This Day in History
Patrick Henry

Give me Liberty, or Give me Death
March 30, 1775

Most of the leaders of the American Revolution were of the “aristocracy” in so far as Colonials could have achieved that status. Patrick Henry was an exception. A product of the frontier, he somehow taught himself enough law to win admission to the bar. Once there, he developed an uncanny habit of winning his cases, largely by his native oratorical genius. His reputation quickly took him to the House of Burgesses where he rose to leadership of the plain farmers, and where his tirade against the Crown’s invasion of Virginia’s autonomy won admiration throughout the colonies. Elected to the First Continental Congress, Henry quickly achieved leadership of those who clamored for independence. When, in the winter of 1775, the British government sent troops to Boston to intimidate the local population, it was Henry who appealed for united support of independence. On March 30, 1775, he introduced resolutions calling for arming the colonies for war, with the famous peroration:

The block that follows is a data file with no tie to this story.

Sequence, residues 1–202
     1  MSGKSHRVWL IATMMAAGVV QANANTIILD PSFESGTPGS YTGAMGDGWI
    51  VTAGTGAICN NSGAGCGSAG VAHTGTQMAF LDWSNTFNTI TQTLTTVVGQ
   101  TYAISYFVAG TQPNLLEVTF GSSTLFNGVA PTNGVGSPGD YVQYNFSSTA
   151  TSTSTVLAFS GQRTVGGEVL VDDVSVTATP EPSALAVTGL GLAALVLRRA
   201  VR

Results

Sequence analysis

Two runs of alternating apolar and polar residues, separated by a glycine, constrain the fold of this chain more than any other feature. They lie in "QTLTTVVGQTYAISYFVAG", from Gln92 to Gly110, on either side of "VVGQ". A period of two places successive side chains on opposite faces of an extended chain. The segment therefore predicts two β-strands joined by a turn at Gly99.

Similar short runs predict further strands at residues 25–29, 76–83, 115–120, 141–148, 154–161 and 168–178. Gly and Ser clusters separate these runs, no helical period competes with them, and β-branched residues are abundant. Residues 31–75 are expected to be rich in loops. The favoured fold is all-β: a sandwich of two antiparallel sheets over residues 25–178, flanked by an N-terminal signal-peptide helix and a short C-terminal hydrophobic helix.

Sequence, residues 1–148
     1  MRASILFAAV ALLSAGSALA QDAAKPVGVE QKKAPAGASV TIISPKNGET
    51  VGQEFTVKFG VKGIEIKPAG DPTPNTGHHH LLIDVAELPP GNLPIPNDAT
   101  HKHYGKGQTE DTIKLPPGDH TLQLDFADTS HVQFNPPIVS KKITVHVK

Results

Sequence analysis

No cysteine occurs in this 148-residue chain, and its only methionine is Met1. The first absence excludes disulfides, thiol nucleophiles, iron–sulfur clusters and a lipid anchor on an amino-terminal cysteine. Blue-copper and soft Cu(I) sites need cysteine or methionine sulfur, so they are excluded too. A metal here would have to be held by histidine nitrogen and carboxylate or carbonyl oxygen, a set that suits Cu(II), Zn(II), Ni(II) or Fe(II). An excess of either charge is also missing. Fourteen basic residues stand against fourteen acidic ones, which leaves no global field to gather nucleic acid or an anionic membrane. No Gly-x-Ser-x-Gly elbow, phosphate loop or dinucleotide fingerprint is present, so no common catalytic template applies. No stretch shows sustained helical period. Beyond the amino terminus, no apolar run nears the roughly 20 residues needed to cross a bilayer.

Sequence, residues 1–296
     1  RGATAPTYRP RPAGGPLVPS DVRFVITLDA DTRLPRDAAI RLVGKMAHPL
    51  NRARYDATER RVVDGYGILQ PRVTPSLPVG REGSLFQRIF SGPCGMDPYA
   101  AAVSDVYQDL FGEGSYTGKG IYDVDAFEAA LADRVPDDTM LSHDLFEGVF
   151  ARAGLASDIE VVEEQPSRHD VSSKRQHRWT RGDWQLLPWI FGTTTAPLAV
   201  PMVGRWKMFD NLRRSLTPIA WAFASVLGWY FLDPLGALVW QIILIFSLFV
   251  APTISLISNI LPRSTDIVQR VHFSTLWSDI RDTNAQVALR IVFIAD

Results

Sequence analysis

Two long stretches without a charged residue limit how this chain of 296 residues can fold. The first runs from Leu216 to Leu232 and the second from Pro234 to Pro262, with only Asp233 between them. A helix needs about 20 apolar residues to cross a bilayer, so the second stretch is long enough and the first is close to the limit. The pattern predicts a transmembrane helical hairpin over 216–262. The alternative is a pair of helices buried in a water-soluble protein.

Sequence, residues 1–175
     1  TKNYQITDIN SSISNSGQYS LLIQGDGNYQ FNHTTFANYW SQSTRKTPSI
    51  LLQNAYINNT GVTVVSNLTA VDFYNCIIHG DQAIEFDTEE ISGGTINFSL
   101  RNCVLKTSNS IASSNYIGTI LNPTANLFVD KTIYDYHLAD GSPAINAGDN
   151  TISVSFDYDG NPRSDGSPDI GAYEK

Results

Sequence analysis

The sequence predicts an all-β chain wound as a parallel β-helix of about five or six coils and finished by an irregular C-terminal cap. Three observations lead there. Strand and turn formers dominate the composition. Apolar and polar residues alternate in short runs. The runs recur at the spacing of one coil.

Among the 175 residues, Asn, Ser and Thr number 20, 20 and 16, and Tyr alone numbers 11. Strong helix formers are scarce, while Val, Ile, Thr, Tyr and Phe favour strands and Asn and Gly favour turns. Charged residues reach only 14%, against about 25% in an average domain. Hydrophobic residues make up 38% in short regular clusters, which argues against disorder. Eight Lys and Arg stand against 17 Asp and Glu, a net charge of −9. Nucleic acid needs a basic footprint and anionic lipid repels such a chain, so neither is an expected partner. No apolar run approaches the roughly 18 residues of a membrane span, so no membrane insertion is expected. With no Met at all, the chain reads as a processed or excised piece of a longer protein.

Gentlemen may cry “peace, peace” but there is no peace. The war is actually begun. The next gale that sweeps from the north will bring to our ears the clash of resounding arms. Is life so dear, or peace so sweet as to be purchased at the price of chains and slavery? Forbid it, Almighty God. I know not what course others may take, but as for me Give me Liberty, or Give me Death.
In another month the winds from the North did indeed bring the clash of resounding arms - the battle had been joined at Lexington and Concord.

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All illustrations by Mort Künstler. Text by Michael Aubrecht, Dee Brown, Henry Steele Commager, Rod Gragg, Mort Künstler, Edward Lengel, James McPherson, and James I. Robertson, Jr. - Copyright © 2001-2019. All Rights Reserved. No part of the contents of this web site may be reproduced or utilized in any form by any means without written consent of the artist.